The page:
Cheering the Housing Bailout Bill: Wall Street says Thanks Taxpayers!
Late word that our magnificent US Senate has forged a deal to pass some kind of Housing Bailout bill. The bill will most likely look exactly like Senator Todd's silly $300 Billion package to hand the taxpayer a sure loss. No details as yet, but I can all but promise that Mr. President will not veto this baby. No way.

Already if you look at some of the message boards for companies like CFC, BAC, MER, and others there is a giddy glee of excitement. Free money tends to do that. When I discussed moral hazard in depth a while back this was the kind of thing I was most pissed off at. First the f#ckos on wall street package and sell off all these terrible mortgages. Then they all blow up. Massive losses result. The FED and the government spare no expense to make sure the banks that did this experience not even a 1 day lack of access to cash. Now the risk will be passed onto taxpayers and wall street will now play the stocks to their utmost benefit. What a way to game the system.

Any talking head that says this bill is a positive is instantly a loser. If you are so desperate that the FED has to loan out it's entire balance sheet, and the US government has to take on the risk of over 300 Billion dollars in loans, the market is not "strong" The market is on life support. Delay, deny, and hope. How much time will this bill buy? We will see.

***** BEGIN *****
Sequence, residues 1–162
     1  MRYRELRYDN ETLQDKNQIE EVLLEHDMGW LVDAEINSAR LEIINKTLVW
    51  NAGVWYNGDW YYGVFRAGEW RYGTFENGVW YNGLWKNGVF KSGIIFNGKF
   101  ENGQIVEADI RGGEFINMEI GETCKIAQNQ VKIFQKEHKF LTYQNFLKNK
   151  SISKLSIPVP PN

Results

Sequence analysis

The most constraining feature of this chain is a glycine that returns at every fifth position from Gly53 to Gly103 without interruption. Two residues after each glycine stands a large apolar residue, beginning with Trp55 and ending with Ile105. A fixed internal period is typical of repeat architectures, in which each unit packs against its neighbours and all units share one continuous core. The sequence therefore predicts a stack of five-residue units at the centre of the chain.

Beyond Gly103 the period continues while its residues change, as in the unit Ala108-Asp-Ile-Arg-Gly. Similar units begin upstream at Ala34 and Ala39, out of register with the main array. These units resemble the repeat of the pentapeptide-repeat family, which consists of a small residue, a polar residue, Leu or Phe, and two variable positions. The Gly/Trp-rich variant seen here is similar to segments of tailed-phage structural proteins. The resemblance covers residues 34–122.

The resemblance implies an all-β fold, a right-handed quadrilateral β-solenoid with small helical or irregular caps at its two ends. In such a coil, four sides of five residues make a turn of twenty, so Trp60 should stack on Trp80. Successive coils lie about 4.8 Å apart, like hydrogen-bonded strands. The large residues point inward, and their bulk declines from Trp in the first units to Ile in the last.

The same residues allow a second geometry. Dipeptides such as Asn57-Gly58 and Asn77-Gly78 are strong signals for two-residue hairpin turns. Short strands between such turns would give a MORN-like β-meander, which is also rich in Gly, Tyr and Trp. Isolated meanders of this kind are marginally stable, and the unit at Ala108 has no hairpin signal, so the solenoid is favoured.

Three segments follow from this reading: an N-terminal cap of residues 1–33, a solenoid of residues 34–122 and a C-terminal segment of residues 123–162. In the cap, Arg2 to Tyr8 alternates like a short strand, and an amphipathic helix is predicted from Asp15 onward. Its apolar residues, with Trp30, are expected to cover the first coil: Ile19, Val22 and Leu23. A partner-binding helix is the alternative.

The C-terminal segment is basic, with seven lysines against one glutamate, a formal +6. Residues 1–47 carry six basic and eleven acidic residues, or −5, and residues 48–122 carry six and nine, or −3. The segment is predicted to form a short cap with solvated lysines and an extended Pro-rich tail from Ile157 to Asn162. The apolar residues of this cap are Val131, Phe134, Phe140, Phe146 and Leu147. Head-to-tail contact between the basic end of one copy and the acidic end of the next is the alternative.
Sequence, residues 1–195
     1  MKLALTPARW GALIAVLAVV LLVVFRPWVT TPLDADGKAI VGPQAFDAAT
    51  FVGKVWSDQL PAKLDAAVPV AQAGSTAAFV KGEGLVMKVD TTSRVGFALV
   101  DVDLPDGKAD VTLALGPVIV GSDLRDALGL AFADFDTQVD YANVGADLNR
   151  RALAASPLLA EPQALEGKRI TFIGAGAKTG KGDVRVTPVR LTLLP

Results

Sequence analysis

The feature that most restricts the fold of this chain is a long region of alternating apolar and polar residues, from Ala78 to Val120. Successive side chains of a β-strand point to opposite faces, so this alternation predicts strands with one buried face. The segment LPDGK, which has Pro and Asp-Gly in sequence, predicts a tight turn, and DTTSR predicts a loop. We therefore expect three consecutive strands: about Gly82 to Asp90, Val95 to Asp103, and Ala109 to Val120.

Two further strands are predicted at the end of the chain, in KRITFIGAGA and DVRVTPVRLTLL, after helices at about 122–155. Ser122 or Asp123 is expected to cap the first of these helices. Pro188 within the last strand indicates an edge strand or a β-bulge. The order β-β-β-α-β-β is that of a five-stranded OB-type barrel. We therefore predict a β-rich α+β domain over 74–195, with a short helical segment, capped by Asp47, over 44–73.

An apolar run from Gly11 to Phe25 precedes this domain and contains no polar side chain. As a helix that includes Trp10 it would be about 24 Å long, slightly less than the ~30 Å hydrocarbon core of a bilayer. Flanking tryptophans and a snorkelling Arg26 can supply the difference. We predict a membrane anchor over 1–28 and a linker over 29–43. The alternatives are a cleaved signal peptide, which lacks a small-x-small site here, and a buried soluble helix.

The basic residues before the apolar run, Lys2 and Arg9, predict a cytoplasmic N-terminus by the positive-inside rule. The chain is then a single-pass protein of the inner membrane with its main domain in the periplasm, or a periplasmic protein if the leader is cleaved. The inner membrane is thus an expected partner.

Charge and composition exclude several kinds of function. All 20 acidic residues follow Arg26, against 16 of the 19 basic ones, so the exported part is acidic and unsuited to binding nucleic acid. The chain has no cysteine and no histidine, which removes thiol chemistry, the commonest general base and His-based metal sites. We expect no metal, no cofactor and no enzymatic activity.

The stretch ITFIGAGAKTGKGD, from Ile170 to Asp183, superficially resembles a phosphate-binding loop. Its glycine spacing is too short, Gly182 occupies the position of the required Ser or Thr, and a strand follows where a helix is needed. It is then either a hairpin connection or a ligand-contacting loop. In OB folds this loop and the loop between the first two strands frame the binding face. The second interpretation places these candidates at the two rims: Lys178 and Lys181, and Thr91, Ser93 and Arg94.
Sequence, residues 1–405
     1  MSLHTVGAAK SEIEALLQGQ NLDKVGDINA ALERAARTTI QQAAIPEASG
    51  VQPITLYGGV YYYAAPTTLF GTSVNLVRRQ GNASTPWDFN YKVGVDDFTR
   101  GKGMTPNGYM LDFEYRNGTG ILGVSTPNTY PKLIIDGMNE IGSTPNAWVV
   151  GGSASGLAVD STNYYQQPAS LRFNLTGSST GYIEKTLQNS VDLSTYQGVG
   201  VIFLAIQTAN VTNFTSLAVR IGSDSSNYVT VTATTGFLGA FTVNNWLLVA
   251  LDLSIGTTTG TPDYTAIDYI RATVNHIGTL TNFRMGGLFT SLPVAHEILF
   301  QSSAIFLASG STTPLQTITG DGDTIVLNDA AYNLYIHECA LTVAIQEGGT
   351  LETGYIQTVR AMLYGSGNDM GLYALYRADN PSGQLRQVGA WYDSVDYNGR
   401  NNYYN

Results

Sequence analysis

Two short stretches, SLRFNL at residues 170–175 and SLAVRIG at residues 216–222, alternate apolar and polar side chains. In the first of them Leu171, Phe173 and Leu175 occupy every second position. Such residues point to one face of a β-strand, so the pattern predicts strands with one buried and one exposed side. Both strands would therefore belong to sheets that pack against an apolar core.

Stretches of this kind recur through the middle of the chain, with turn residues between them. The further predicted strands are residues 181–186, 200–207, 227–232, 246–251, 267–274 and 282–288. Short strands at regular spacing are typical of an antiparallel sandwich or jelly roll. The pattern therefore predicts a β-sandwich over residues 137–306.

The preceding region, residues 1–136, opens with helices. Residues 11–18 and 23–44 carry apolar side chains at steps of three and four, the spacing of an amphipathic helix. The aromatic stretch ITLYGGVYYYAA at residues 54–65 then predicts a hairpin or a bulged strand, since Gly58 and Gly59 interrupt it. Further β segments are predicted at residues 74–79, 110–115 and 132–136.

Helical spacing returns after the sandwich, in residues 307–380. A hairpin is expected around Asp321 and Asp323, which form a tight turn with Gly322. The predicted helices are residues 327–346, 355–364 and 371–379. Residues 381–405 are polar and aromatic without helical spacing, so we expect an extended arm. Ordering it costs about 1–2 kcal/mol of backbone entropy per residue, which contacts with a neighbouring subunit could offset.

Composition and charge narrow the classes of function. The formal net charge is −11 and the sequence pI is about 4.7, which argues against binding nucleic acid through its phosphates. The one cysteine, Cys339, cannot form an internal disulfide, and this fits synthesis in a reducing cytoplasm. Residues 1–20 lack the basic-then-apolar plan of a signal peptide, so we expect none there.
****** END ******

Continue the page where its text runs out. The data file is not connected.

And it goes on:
Still makes me sick.

Have a good night and don't puke.

6 comments:

GawainsGhost said...

Hey, GYC, why don't you tell us how you really feel?

Ha ha. Just busting your chops, man. I couldn't agree more. This whole thing stinks to high heaven.

By the way, for the purpose of full disclosure, I sell real estate. My family owns a rather large and successful company down here. My mother is the primary broker, and I am her assistant, or rather her slave.

My father passed away several years ago, and I left my teaching position to help my mother run the company. I got my license and started selling real estate right when all these financial sheenanigans were beginning. And frankly I was dumbfounded by it, still am.

We deal mostly with repossessed homes. In other words, we list, market and sell homes for Fannie Mae, Freddie Mac, Option One, MGIC, Nation Star, and others. My mother's been doing it for 35 years, and she'll tell you flat out that she's never seen anything the last few years.

People buying houses with no money down, rolling over closing costs, moving in with negative equity, then going into foreclosure less than a year later. Unbelievable.